Catherine’s struggle to assert control over her future still rings alarmingly true today. Her refusal to marry the “smelly, broken-toothed old man” she refers to as Shaggy Beard feels all too contemporary. I had forgotten, or perhaps never fully understood, how much consent plays into the tension between her and her father: “But it occurred to me what actually makes people married is not the church or the priest but their consent, their ‘I will.’” As a pre-teen reader, this seemed like a case of adults making decisions about kids’ lives, because they can. But upon rereading, the importance of agency and Catherine’s self-awareness added a darker layer to its meaning. As Catherine reminds her father, he is selling her “like a piece of cheese for [his] profit.” These lines take on new significance as an adult reader because I can now feel, and better understand, the weight of her oppression. Catherine is aware of her own objectification, and understands that if she is to follow her father’s orders, her consent to this marriage will be, to some degree, coerced.

The book ends with the news that Shaggy Beard died in a brawl mere days before the wedding, but it is determined Catherine will still have to marry his son. The diary cuts off at this point. All the reader knows about this marriage candidate is that he is closer to her age and gives her thoughtful gifts. As she mentions, like her beloved birds still confined in her room, “In any event, I am, if not free, at least less painfully caged.”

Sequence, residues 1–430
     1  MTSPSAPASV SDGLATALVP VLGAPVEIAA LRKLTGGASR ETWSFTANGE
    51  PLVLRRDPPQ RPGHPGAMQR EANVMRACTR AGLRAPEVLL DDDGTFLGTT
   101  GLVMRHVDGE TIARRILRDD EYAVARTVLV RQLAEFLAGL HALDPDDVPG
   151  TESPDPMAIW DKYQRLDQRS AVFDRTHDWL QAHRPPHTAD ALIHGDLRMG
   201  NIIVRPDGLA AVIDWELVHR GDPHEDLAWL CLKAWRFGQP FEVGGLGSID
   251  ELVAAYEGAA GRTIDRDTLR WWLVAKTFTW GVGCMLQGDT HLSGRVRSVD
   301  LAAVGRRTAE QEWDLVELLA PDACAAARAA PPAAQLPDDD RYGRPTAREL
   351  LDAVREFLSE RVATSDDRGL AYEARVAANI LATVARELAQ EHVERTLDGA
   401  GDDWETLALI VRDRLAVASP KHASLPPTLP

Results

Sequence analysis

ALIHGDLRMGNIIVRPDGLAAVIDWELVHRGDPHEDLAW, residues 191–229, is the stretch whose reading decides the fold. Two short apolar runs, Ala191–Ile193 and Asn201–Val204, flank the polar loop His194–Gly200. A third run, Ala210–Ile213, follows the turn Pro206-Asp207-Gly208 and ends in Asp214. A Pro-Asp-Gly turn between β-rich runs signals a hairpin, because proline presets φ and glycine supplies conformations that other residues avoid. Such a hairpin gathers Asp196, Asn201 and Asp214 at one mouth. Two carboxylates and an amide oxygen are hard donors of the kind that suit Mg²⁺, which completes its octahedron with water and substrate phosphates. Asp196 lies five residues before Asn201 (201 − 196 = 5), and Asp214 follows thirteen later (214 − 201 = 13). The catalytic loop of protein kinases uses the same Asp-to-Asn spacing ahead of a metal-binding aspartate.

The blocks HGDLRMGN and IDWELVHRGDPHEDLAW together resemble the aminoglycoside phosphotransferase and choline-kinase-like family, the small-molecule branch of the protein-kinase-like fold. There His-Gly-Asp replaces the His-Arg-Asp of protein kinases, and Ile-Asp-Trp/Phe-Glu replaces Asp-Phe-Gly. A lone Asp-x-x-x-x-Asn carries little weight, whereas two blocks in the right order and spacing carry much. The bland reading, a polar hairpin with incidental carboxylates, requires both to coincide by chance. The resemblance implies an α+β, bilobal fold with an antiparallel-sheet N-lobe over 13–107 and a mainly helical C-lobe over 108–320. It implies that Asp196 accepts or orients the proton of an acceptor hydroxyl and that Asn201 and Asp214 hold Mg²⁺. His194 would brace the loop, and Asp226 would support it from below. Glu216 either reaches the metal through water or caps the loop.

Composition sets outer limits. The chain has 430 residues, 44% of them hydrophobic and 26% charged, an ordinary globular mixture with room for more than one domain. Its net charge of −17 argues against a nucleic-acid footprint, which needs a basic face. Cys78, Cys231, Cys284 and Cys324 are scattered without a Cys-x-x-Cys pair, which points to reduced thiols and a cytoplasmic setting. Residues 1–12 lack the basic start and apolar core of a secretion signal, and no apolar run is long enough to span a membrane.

This was a surprising ending when I was eleven years old. What I understand now, but did not understand then, is that there is no prince charming waiting for Catherine. There is merely the “good enough” ending, a patriarchal arrangement that still objectifies her but may be slightly less cruel (though it remains unclear whether Shaggy Beard’s son is, in fact, less vile than his father). Though young women in Western cultures are, for the most part, allowed far more freedoms today, Catherine’s compromise for the “good enough” suitor was dissatisfying to me as a teenager because I was accustomed to love stories with happy endings. Her fate broke my heart as an adult, but it also felt inevitable. I could see there was never going to be a happy ending for her, not by today’s standards. It was merely a reminder for me that for all our progress, many young women may still choose to settle for the “less painfully caged” partner, career, or ideology.